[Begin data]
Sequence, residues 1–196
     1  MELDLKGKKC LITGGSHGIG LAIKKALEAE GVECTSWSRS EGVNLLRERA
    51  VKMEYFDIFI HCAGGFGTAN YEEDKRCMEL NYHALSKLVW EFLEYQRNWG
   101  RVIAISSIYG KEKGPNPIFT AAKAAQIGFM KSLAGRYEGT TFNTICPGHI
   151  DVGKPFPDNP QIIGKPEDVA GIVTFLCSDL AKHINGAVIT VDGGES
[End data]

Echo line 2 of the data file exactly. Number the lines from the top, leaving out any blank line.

     1  MELDLKGKKC LITGGSHGIG LAIKKALEAE GVECTSWSRS EGVNLLRERA